Finra takes foot off suitability pedal

Regulator backtracks from earlier, broader rule interpretation

Dec 13, 2012 @ 11:25 am

By Dan Jamieson

The Financial Industry Regulatory Authority Inc. has eased up on a controversial interpretation of its new suitability rule in a move that is bound to make the industry happy.

In new guidance issued Monday, Finra backtracked from an earlier, expansive interpretation of the rule, which held that people who were not customers, and investment strategies that did not involve securities, were covered under the suitability rule.

But in Regulatory Notice 12-55, Finra now says the rule applies only to customers who open an account or buy a product for which the brokerage firm receives compensation.

In addition, the new notice says the suitability rule does not apply to recommendations of non-security products made as part of an individual broker's outside business activity.

However, a firm's “suitability analysis also must be informed by a general understanding of the non-security component of the recommended investment strategy,” Finra said in the notice.

Independent registered representatives often sell insurance and engage in investment advisory activities outside of their broker-dealers, which brokerage firms must approve of and track under Finra's outside-business-activity rules.

Finra also clarified that its new suitability rule would generally not create a continuing duty to monitor an investment or strategy.

The new guidance was welcomed by industry lawyers, who have complained that the earlier guidance, issued in May, caught the industry by surprise.

“Finra should be praised for listening to its member firms and reps,” said Brian Rubin, a partner at Sutherland Asbill & Brennan LLP.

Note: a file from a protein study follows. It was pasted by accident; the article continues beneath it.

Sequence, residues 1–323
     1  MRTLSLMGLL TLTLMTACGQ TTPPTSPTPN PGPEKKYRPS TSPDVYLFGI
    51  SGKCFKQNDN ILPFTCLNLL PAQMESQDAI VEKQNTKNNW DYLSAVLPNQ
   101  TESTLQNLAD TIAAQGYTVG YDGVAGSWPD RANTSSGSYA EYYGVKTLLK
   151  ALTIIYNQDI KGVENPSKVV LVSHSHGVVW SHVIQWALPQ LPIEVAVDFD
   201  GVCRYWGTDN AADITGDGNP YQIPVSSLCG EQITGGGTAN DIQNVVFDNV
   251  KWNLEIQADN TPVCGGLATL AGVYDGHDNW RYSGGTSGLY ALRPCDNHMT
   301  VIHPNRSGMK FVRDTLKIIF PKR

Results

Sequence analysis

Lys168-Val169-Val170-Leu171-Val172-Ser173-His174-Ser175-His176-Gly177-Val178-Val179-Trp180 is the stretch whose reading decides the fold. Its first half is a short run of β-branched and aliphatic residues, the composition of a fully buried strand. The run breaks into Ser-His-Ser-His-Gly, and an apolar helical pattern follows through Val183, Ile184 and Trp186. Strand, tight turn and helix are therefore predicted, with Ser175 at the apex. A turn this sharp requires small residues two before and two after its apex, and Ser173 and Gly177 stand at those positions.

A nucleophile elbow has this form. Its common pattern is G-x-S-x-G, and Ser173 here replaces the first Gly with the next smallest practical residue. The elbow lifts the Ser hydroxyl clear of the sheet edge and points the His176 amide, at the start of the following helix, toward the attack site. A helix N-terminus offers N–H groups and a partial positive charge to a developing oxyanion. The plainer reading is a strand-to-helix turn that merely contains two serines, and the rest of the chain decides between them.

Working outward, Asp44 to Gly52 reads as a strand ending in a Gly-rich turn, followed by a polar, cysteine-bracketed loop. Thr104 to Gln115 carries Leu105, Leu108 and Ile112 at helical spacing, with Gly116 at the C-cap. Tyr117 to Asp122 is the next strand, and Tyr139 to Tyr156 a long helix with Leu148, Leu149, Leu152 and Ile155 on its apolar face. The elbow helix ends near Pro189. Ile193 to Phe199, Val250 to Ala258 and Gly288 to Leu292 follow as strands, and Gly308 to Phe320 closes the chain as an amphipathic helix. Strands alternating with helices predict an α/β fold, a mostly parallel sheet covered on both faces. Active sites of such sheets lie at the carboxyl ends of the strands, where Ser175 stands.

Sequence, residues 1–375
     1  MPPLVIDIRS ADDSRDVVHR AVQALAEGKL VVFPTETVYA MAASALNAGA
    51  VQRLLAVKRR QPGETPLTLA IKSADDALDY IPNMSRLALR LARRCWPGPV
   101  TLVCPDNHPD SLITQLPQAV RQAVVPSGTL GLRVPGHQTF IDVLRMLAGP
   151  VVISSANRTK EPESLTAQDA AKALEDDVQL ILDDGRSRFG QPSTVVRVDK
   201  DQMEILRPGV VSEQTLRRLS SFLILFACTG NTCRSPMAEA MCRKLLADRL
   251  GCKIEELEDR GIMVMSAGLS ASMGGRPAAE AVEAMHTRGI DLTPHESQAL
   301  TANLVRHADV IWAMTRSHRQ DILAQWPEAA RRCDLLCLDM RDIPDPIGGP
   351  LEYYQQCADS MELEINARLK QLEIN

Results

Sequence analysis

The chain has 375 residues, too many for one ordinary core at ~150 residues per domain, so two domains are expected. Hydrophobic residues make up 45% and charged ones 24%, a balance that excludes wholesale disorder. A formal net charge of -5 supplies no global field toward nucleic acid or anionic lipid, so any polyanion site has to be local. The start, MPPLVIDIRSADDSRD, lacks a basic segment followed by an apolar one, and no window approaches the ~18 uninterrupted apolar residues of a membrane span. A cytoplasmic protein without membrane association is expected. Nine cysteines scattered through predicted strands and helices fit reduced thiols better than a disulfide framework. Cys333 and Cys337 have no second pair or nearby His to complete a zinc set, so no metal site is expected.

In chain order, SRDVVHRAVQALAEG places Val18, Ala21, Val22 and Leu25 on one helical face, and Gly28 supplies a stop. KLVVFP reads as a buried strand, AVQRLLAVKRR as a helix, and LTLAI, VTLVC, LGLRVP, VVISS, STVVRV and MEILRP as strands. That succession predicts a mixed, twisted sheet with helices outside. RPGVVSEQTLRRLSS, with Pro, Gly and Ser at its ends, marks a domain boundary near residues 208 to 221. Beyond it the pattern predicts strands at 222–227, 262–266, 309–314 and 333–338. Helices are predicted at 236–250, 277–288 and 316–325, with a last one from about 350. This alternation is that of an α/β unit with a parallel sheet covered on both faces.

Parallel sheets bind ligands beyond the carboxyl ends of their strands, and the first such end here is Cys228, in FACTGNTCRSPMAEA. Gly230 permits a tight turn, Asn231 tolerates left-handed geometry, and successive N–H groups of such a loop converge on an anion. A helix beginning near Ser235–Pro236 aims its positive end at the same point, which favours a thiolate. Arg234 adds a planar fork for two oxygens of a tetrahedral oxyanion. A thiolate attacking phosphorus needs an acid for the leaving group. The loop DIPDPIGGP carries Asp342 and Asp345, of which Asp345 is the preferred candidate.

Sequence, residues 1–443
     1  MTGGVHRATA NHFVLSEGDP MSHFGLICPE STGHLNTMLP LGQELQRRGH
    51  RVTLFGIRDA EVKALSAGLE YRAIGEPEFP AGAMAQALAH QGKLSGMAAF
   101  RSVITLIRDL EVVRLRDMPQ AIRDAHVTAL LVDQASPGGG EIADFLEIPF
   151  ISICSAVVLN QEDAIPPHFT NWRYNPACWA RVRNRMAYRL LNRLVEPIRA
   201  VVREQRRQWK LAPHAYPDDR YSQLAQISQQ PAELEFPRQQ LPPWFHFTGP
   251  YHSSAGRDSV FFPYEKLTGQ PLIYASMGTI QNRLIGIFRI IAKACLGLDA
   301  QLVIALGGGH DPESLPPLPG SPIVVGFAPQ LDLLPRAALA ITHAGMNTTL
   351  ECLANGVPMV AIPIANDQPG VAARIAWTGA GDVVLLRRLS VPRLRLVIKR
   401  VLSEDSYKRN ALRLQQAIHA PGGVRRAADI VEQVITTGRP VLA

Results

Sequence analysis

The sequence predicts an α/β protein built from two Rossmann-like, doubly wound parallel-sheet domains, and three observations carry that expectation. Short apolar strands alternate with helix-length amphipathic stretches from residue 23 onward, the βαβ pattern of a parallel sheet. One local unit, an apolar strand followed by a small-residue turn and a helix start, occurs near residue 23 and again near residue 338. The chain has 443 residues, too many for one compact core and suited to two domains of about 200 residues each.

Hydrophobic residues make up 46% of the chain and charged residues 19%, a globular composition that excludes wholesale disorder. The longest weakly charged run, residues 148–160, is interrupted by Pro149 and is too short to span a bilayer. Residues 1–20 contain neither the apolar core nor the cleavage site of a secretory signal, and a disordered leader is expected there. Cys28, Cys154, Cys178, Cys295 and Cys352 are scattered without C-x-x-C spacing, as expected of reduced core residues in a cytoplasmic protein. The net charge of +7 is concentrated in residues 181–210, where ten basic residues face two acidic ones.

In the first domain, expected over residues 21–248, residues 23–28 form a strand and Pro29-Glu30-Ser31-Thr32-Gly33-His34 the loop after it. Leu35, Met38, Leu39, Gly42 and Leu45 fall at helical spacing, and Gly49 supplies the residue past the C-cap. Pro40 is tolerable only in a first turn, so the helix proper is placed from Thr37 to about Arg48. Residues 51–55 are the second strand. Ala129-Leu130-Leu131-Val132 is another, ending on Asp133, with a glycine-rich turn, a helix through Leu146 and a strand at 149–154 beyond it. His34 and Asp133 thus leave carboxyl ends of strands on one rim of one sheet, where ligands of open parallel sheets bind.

“Under the new guidance, now reps don't have to fear that if they speak with people who aren't customers, such as engaging in idle chat during upcoming holiday parties, they will be charged under the suitability rule,” he said.

“Of course, it would have been better if Finra had listened to [the industry] earlier before firms spent a lot of time, energy and money to try to figure what to do with [the] prior guidance,” Mr. Rubin added.

The new notice is “a helpful clarification on the definition of customer,” said Hardy Callcott, a partner at Bingham McCutchen LLP, “and it gives firms more guidance … on when the suitability obligation applies to a mixed securities/non-securities transaction.”

In an e-mail, Finra spokeswoman Nancy Condon wrote that the self-regulator wanted to clarify “issues relating to who is considered a 'customer' and provide greater detail on what investment strategies are covered.”

But Marc Menchel, principal at Menchel Consulting LLC, and until last June the former general counsel for regulation at Finra, questioned why the guidance treats customers and potential customers differently.

“I don't think it's internally consistent,” he said.

And although Finra now says brokers don't have a suitability obligation to someone who never becomes a customer, the notice also warns that a broker's recommendation to a potential investor could violate Finra's far-reaching standard of “just and equitable principals of trade” under Rule 2010, Mr. Menchel said.

The suitability rule went into effect in July after being approved last year by the Securities and Exchange Commission.

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